96. Pope, N. S., and S. Jha. 2018. Seasonal Food Scarcity Prompts Long-Distance Foraging by a Wild Social Bee. Am. Nat. 191:45–57.CrossRefPubMedGoogle Scholar
  97. Raine, N. E., and L. Chittka. 2007. The Adaptive Significance of Sensory Bias in a Foraging Context: Floral Colour Preferences in the Bumblebee Bombus terrestris. PLoS One 2:e556.CrossRefPubMedPubMedCentralGoogle Scholar
  98. Raine, N. E., and L. Chittka. 2008. The correlation of learning speed and natural foraging success in bumble-bees. Proc. R. Soc. B Biol. Sci. 275:803–808.CrossRefGoogle Scholar
  99. Rao, S., G. Hoffman, J. Kirby, and D. Horne. 2019. Remarkable long-distance returns to a forage patch by artificially displaced wild bumble bees (Hymenoptera: Apidae). J. Apic. Res. 0:1–9.Google Scholar
  100. Rao, S., and J. P. Strange. 2012. Bumble Bee (Hymenoptera: Apidae) Foraging Distance and Colony Density Associated With a Late-Season Mass Flowering Crop. Environ. Entomol. 41:905–915.CrossRefGoogle Scholar
  101. Rathcke, B. J., and E. S. Jules. 1993. Habitat fragmentation and plant–pollinator interactions. Curr. Sci. 65:273–277.Google Scholar
  102. Rau, P. 1929. Experimental studies in the homing of carpenter and mining bees. J. Comp. Psychol. 9:35.CrossRefGoogle Scholar
  103. Redhead, J. W., S. Dreier, A. F. Bourke, M. S. Heard, W. C. Jordan, S. Sumner, J. Wang, and C. Carvell. 2016. Effects of habitat composition and landscape structure on worker foraging distances of five bumblebee species. Ecol. Appl. 26:726–739.CrossRefPubMedGoogle Scholar
  104. Reynolds, A. M., A. D. Smith, R. Menzel, U. Greggers, D. R. Reynolds, and J. R. Riley. 2007. Displaced Honey Bees Perform Optimal Scale-Free Search Flights. Ecology 88:1955–1961.CrossRefPubMedGoogle Scholar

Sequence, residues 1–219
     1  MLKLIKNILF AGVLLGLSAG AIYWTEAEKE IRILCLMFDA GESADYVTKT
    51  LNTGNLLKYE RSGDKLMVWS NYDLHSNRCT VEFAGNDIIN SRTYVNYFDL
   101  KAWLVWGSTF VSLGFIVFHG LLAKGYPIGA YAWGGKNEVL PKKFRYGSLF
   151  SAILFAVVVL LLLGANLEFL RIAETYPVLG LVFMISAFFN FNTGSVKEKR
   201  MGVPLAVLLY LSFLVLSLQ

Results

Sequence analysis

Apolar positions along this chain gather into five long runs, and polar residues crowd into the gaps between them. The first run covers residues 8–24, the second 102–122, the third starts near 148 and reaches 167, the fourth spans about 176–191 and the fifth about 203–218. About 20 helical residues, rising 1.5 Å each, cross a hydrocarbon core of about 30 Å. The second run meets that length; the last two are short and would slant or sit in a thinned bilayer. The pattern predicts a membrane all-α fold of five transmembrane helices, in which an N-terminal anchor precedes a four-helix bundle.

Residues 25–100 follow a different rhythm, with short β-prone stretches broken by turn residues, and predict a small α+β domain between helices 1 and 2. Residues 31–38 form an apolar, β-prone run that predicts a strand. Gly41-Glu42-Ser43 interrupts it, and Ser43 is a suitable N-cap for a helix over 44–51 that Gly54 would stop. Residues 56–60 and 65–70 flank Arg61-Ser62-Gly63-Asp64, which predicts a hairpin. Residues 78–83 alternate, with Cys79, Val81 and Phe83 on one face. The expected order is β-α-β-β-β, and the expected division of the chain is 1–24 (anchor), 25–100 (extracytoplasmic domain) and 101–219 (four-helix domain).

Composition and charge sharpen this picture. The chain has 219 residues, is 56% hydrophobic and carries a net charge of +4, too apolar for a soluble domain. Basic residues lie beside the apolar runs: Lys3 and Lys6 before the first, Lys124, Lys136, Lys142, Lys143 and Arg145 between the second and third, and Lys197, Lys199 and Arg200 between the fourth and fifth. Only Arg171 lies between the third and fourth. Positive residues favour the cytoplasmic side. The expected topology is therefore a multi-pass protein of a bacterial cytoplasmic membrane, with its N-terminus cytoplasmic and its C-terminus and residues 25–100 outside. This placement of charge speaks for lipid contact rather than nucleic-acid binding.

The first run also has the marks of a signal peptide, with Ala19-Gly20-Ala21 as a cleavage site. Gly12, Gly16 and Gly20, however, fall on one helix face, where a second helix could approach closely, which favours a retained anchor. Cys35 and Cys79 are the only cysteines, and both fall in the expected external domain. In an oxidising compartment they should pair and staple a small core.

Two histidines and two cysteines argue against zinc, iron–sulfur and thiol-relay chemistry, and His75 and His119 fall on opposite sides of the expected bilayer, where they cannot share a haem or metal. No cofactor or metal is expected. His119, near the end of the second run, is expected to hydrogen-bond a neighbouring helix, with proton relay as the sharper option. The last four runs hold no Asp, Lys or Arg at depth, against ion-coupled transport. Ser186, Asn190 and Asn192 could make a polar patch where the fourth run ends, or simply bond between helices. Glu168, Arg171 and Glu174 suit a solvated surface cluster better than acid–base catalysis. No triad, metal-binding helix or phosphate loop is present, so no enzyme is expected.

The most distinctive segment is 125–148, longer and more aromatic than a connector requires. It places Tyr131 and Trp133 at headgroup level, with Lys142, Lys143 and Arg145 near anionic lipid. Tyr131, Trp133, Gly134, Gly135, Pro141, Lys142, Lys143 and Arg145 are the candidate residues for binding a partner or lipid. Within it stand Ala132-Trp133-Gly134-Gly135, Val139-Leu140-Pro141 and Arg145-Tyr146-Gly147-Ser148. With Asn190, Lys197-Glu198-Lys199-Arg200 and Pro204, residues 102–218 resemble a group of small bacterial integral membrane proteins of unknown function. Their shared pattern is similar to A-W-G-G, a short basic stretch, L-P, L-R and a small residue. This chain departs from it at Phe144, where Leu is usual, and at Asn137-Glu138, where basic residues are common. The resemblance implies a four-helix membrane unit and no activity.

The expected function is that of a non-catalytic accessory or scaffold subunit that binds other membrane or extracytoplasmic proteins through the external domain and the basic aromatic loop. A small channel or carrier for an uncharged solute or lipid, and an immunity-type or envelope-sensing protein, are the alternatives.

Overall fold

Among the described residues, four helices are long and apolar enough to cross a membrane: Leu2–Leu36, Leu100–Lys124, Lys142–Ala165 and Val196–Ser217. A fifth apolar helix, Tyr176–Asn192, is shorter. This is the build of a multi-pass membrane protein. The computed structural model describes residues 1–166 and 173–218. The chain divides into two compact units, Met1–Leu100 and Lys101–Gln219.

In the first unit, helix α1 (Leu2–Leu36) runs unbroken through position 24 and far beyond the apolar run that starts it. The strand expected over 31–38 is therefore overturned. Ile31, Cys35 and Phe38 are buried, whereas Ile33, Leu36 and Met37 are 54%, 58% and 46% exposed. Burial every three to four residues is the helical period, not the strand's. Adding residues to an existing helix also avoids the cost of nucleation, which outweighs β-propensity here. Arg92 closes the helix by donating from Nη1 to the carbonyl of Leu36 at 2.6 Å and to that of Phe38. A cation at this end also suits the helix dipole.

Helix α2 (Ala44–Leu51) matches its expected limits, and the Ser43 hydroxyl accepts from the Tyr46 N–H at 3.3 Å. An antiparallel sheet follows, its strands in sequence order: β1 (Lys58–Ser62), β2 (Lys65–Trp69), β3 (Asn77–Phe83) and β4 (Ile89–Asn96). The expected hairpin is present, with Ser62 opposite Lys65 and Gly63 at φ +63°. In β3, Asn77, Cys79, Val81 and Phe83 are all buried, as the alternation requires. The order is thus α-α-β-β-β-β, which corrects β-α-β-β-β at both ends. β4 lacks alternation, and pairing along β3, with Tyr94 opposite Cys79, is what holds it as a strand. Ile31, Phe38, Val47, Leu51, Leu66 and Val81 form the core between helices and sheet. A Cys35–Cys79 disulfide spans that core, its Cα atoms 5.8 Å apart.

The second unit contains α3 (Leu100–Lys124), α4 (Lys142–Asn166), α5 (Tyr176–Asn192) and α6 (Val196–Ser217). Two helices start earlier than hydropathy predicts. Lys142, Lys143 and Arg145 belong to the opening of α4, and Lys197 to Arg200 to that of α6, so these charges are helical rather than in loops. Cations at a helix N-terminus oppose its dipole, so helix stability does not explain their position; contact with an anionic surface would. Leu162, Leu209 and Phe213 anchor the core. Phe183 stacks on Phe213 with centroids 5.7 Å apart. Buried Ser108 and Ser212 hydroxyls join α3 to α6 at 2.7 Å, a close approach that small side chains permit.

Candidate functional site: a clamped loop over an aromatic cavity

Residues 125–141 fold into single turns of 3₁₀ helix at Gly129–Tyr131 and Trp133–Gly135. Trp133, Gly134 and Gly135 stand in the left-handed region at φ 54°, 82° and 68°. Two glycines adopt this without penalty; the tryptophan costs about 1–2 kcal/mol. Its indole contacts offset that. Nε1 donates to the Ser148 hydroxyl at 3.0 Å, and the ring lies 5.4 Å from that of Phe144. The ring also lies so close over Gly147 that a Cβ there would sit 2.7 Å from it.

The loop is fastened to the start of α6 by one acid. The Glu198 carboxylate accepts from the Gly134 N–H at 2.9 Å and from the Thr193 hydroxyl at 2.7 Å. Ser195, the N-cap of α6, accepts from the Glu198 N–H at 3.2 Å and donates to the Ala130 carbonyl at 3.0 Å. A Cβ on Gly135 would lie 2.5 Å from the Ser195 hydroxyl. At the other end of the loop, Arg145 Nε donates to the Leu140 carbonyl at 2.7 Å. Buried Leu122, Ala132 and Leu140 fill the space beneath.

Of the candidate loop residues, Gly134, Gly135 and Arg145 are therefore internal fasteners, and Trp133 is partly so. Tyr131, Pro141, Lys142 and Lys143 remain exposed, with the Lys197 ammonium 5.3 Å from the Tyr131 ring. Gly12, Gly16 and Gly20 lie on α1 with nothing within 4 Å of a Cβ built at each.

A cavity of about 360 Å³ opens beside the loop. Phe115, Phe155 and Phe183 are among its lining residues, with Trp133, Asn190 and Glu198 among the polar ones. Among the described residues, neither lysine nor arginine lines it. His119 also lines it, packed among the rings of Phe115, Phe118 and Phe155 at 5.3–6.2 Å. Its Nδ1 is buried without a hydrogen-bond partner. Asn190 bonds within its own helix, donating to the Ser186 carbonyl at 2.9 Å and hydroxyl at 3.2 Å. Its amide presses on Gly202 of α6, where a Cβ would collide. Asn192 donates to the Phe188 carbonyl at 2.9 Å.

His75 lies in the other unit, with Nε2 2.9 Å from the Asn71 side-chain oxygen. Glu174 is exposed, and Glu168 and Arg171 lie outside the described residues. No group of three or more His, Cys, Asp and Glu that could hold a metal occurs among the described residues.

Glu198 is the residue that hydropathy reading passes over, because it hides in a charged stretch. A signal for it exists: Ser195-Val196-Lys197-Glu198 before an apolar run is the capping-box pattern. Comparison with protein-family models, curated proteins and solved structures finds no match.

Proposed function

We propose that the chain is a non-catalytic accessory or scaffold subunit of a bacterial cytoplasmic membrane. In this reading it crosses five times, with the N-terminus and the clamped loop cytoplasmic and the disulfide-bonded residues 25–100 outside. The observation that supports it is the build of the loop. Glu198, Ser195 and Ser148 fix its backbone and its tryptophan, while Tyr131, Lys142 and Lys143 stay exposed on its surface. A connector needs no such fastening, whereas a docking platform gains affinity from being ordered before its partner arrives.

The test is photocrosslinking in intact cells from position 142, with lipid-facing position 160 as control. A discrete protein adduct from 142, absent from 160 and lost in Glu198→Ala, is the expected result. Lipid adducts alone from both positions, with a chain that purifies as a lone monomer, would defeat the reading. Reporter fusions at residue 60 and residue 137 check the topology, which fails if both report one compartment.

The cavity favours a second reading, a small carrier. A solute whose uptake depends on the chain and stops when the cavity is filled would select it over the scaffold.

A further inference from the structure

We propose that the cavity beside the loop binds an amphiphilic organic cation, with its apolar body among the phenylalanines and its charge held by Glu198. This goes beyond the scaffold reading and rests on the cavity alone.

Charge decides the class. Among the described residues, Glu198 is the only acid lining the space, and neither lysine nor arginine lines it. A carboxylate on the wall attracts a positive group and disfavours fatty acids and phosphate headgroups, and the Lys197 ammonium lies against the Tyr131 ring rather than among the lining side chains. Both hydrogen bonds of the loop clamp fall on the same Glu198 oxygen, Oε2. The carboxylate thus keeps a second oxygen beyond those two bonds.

105. Reynolds, D. R., and J. R. Riley. 2002. Remote-sensing, telemetric and computer-based technologies for investigating insect movement: a survey of existing and potential techniques. Comput. Electron. Agric. 35:271–307.CrossRefGoogle Scholar
  106. Riley, J. R., U. Greggers, A. D. Smith, D. R. Reynolds, and R. Menzel. 2005. The flight paths of honeybees recruited by the waggle dance. Nature 435:205.CrossRefPubMedGoogle Scholar
  107. Rossel, S. 1993. Navigation by bees using polarized skylight. Comp. Biochem. Physiol: A: Comparative physiology 104:695-708CrossRefGoogle Scholar
  108. Rundlöf, M., G. K. S. Andersson, R. Bommarco, I. Fries, V. Hederström, L. Herbertsson, O. Jonsson, B. K. Klatt, T. R. Pedersen, J. Yourstone, and H. G. Smith. 2015. Seed coating with a neonicotinoid insecticide negatively affects wild bees. Nature.Google Scholar
  109. Samuelson, E. E. W., Z. P. Chen-Wishart, R. J. Gill, and E. Leadbeater. 2016. Effect of acute pesticide exposure on bee spatial working memory using an analogue of the radial-arm maze. Sci. Rep. 6:38957CrossRefPubMedPubMedCentralGoogle Scholar
  110. Schmid-Hempel, P., and S. Durrer. 1991. Parasites, Floral Resources and Reproduction in Natural Populations of Bumblebees. Oikos 62:342–350.CrossRefGoogle Scholar
  111. Schmid-Hempel, R., M. Eckhardt, D. Goulson, D. Heinzmann, C. Lange, S. Plischuk, L. R. Escudero, R. Salathé, J. J. Scriven, and P. Schmid-Hempel. 2014. The invasion of southern South America by imported bumblebees and associated parasites. J. Anim. Ecol. 83:823–837.CrossRefGoogle Scholar
  112. Schultz, C. B., and E. E. Crone. 2001. Edge-mediated dispersal behavior in a prairie butterfly. Ecology 82:1879–1892.CrossRefGoogle Scholar
  113. Silcox, D. E., J. P. Doskocil, C. E. Sorenson, and R. L. Brandenburg. 2011. Radio frequency identification tagging: a novel approach to monitoring surface and subterranean insects. Am. Entomol. 57:86–93.CrossRefGoogle Scholar
  114. Sirois-Delisle, C., and J. T. Kerr. 2018. Climate change-driven range losses among bumblebee species are poised to accelerate. Sci. Rep. 8:14464.CrossRefPubMedPubMedCentralGoogle Scholar
  115. Sivakoff, F. S., J. A. Rosenheim, and J. R. Hagler. 2012. Relative dispersal ability of a key agricultural pest and its predators in an annual agroecosystem. Biol. Control 63:296–303.CrossRefGoogle Scholar
  116. Southwick, E. E., and S. L. Buchmann. 1995. Effects of Horizon Landmarks on Homing Success in Honey Bees. Am. Nat. 146:748–764.CrossRefGoogle Scholar
  117. Sutcliffe, O. L., and C. D. Thomas. 1996. Open Corridors Appear to Facilitate Dispersal by Ringlet Butterflies (Aphantopus hyperantus) between Woodland Clearings. Conserv. Biol. 10:1359–1365.CrossRefGoogle Scholar